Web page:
Subtypes of depression in a nationally representative sample

Psychology Research Institute, University of Ulster at Magee, Derry, Northern Ireland, United Kingdom.
Journal of Affective Disorders (Impact Factor: 3.38). 02/2009; 113(1-2):88-99. DOI: 10.1016/j.jad.2008.05.015
Source: PubMed


Continued research efforts aim to elucidate the heterogeneity in depression. The identification of meaningful and valid subtypes has implications for research and clinical practice. Based on patterns of depressive symptomatology, this study identified a typology of depressive syndromes using data from a large, nationally representative survey.
Analyses were based on a subsample of 12,180 respondents from the 2001-2002 Wave of the National Epidemiologic Survey on Alcohol and Related Conditions (NESARC). Latent class analysis was applied to the DSM-IV 'A' criteria for major depression to identify homogenous subtypes or classes of depressive syndromes. Associations between the emergent latent classes and demographic and clinical characteristics were assessed.
Three clinically relevant subtypes were identified, in addition to a class who reported few depressive symptoms: severely depressed (40.9%), psychosomatic (30.6%), cognitive-emotional (10.2%) and non-depressed (18.3%). The odds of experiencing negative life events, psychiatric disorders, and having a family background of major depression were significantly higher for the severely depressed, psychosomatic and cognitive-emotional classes, compared to the non-depressed class. Several unique differences between the latent classes also emerged.
Methodological shortcomings included: reliance on lay interviewer-administered structured interviews to determine diagnoses; basing sample selection on the endorsement of screener items; and, using measures of 'any anxiety disorder', 'any mood disorder', and 'any personality disorder' to determine psychiatric disorder prevalence rates.
Significant heterogeneity in depressive symptomatology exists in this U.S. sample. Profiling symptom patterns is potentially useful as a first step in developing tailored intervention and treatment programmes.

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Available from: Natacha Carragher, Oct 10, 2015
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    • "Odds ratios ( OR ) and 95% confidence intervals ( CI ) were used to evaluate these associations : ORs reflect the proportionate change in odds of membership of a given class , relative to the ref - erence class , associated with a one - unit change in the covariate ( Carragher et al . , 2009 ) ."
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    ABSTRACT: Aims:To develop a stability typology among opioid substitution therapy patients using a range of adherence indicators derived from clinical guidelines, and determine whether stable patients receive more unsupervised doses. Methods An interviewer-administered cross-sectional survey was used in opioid substitution therapy programs in three Australian jurisdictions, totalling 768 patients in their current treatment episode for ≥4 weeks. A structured questionnaire collated data from patients about their demographics, treatment characteristics, past 6-month drug use and medication adherence, psychosocial stability, comorbidity, child welfare concerns and levels of supervised dosing. Latent class analysis (LCA) was used to derive a stability typology. Linear regression models examined predictors of unsupervised dosing in the past month. Results LCA identified two classes: (i) a higher-adherence group (67%) who had low-moderate probabilities of endorsing the opioid substitution therapy stability indicators and (ii) a lower-adherence group (33%) who had moderate-high probabilities of endorsing the stability indicators. There was no association between adherence profile and the number of unsupervised doses. Significant predictors of receiving larger numbers of unsupervised doses included being older, living in New South Wales or South Australia (vs. Victoria), receiving methadone (vs. mono-buprenorphine), being prescribed in private clinic or general practice (vs. public clinic), reporting a longer current treatment episode, not receiving a urine drug screen in the past month, being currently employed and not having a prison history. Conclusions This study suggested that system-level factors and observable indicators of social functioning were more strongly associated with receipt of less supervised treatment. Future research should examine this using prospectively collected data.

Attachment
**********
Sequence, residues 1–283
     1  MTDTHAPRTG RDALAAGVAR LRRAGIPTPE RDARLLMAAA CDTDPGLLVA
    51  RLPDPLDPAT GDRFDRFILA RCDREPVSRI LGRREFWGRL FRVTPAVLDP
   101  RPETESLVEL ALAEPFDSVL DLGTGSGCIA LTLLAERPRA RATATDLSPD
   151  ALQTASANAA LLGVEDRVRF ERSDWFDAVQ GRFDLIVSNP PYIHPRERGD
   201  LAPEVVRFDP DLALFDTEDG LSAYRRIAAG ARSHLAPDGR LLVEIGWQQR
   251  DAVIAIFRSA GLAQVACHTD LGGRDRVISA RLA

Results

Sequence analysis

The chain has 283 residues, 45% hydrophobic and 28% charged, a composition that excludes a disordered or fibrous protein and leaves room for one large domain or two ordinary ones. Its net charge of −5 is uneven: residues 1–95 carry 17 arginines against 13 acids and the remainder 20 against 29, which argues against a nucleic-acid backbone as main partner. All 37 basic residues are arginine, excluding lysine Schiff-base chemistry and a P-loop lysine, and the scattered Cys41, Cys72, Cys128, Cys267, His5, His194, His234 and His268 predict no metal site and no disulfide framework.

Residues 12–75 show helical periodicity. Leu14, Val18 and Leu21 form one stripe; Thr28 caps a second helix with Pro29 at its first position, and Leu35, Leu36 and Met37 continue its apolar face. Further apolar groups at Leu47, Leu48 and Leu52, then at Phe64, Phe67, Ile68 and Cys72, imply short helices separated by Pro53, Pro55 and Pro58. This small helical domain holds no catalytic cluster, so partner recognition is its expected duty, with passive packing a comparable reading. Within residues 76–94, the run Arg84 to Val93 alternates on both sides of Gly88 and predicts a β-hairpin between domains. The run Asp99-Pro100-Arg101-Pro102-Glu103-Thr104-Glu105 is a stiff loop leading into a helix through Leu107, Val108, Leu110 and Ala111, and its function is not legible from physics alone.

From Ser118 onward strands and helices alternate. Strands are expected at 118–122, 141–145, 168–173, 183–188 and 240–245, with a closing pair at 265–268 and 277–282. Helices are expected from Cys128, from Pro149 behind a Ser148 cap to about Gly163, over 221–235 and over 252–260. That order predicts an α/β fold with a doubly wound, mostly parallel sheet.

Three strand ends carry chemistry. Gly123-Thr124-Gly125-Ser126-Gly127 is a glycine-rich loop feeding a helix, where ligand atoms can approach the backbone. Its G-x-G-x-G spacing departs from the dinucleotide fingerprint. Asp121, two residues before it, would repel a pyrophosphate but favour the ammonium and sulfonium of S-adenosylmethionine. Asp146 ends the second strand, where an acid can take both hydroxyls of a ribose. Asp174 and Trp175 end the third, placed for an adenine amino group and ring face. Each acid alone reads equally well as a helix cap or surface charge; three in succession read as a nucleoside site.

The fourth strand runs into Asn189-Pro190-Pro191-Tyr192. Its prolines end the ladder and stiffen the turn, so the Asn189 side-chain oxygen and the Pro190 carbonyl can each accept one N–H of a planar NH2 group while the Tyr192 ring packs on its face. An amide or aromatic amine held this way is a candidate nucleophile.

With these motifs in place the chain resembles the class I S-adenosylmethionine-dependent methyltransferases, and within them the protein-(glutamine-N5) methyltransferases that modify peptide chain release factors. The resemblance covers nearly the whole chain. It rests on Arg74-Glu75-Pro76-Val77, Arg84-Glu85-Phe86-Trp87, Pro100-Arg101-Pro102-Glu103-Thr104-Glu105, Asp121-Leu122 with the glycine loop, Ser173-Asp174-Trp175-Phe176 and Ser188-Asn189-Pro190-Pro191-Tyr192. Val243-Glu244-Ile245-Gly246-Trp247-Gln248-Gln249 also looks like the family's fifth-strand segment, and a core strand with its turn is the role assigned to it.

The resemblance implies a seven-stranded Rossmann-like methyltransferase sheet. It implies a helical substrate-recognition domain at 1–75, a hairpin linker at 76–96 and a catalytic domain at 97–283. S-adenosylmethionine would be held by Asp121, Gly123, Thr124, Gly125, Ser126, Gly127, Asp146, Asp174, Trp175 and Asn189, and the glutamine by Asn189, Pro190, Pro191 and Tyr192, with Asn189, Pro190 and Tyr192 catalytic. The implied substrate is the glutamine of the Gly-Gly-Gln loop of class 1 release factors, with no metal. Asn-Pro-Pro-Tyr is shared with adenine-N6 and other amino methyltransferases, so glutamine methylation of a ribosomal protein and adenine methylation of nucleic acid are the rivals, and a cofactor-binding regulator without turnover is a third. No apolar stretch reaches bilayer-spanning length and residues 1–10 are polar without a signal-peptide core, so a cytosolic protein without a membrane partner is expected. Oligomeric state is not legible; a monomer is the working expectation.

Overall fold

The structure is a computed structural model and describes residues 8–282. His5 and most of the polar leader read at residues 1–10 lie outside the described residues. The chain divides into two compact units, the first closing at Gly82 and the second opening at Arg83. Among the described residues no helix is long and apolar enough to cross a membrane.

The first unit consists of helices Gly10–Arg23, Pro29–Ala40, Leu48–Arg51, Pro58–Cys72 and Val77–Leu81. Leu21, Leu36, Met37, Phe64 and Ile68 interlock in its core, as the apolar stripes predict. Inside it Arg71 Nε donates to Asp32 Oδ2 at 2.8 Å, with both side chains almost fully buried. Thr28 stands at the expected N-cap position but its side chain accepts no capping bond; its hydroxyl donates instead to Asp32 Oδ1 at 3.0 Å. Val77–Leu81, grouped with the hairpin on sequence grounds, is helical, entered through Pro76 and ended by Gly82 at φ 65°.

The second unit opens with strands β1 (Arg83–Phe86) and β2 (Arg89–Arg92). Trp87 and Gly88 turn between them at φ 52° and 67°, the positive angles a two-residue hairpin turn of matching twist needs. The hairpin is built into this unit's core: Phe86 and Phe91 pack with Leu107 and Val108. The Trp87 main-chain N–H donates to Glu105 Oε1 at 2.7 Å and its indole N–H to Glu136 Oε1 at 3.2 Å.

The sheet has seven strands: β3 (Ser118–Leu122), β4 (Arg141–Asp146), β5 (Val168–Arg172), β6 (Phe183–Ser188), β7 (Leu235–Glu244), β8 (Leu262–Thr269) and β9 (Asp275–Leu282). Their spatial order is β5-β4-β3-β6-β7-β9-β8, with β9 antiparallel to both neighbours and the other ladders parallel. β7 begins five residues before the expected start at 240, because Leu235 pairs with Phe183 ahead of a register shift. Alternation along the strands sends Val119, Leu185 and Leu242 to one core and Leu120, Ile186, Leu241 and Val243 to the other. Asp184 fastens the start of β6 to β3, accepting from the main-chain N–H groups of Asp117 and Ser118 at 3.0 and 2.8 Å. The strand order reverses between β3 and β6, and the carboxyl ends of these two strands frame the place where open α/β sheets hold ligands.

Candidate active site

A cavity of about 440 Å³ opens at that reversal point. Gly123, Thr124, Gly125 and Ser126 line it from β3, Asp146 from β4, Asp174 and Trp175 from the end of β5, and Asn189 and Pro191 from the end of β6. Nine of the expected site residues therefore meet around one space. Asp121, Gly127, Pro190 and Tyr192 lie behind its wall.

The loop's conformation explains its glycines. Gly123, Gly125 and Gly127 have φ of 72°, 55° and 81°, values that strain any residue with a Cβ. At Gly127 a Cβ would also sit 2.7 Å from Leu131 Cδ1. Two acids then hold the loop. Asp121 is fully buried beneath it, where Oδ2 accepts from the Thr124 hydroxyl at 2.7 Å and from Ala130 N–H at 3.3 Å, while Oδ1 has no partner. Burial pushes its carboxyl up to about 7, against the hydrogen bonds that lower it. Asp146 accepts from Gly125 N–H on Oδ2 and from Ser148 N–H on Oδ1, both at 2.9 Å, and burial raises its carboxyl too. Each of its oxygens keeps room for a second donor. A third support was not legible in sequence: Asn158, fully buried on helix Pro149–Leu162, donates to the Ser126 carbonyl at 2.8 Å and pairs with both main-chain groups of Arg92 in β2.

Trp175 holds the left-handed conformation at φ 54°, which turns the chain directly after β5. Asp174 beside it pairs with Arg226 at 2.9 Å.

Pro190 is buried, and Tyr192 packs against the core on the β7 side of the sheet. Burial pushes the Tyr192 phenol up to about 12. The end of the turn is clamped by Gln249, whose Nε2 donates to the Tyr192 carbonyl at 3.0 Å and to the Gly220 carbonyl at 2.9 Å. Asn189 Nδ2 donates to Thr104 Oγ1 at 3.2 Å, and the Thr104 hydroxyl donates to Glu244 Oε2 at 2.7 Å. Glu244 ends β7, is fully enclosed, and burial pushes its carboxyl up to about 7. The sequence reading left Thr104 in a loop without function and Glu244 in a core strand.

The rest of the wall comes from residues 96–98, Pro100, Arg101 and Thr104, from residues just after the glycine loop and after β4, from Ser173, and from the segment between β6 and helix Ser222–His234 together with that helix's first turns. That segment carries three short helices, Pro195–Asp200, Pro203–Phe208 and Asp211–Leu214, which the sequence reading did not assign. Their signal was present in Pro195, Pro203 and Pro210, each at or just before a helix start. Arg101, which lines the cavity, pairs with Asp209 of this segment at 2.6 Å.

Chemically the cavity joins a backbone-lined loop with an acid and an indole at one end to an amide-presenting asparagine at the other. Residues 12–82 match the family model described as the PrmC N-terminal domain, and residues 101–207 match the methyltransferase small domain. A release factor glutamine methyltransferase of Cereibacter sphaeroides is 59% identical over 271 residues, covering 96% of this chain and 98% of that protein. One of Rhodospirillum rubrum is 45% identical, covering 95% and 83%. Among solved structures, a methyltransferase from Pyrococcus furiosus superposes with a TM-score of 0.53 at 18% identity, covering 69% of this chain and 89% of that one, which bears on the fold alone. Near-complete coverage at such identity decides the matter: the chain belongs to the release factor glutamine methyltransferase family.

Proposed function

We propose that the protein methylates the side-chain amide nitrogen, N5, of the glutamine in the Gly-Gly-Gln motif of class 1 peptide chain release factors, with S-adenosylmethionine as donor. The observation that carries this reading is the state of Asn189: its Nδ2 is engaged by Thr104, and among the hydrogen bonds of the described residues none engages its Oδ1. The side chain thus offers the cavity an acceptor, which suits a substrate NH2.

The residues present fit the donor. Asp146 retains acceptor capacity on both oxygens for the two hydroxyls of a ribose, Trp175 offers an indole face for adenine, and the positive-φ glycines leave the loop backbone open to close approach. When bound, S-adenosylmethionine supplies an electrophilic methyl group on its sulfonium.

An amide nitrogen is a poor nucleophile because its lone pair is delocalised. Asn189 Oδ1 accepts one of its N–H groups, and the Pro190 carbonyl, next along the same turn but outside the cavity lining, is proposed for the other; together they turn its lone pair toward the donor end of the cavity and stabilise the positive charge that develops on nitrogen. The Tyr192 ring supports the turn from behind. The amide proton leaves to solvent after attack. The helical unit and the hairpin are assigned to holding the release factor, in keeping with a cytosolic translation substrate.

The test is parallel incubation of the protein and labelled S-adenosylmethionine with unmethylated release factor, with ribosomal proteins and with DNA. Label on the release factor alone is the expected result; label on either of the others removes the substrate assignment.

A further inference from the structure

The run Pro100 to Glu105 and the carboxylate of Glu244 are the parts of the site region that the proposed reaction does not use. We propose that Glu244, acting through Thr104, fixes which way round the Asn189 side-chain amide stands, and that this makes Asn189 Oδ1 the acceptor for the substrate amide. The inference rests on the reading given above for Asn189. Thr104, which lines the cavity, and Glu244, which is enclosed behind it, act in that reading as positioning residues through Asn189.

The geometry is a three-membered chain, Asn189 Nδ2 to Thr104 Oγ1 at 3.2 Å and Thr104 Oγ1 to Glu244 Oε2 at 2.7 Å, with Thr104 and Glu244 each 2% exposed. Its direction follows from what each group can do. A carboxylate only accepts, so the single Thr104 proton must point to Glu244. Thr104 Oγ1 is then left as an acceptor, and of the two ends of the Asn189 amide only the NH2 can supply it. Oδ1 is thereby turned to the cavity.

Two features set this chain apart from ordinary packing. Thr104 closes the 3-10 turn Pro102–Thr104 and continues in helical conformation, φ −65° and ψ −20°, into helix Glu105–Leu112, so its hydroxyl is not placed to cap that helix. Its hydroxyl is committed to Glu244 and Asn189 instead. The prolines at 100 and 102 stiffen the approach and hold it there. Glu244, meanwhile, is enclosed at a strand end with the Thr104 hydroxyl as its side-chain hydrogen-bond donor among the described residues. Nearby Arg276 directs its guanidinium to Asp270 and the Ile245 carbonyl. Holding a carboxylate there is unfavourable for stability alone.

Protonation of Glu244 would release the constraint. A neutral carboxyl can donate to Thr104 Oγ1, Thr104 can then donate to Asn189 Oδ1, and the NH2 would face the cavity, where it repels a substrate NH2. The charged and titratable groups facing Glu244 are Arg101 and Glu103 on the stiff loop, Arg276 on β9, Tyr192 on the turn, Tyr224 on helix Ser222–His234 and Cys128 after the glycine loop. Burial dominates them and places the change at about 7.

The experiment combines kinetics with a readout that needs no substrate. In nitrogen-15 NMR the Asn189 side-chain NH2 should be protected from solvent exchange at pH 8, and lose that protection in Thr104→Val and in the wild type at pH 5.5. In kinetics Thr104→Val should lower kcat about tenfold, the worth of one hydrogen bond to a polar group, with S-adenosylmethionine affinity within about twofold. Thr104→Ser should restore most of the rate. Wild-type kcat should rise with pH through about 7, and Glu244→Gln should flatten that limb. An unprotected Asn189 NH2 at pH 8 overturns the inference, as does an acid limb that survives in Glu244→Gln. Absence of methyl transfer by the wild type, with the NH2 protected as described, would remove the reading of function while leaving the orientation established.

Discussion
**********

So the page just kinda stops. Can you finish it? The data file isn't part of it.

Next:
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    • "The latent class model assumes that each class is internally homogeneous, i.e., the probability of engaging in a particular behavior is the same for all members belonging to a particular class (Lazarsfeld and Henry, 1968). In order to choose the final model of LCA, we used the Bayesian Information Criterion [BIC] (Nylund, 2007) to indicate the most parsimonious solution (Hagenaars and McCutcheon, 2002; Weich et al., 2011), and entropy, to express how well each class is classified (Carragher et al., 2009). We ran multiple-group LCA in the general sample to examine whether symptomatological profiles among classes were different across the male and female samples. "
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    • "Depression can be regarded as a heterogeneous condition, likely consisting of various subtypes associated with family psychiatric history, cognitive profiles and clinical features (Keller et al., 2007; Carragher et al., 2009). It has been estimated that 1 in 6 individuals with major depression also demonstrate psychotic features (psychotic major depression; PMD) (Johnson et al., 1991; Parker et al., 1992; Ohayon and Schatzberg, 2002). "
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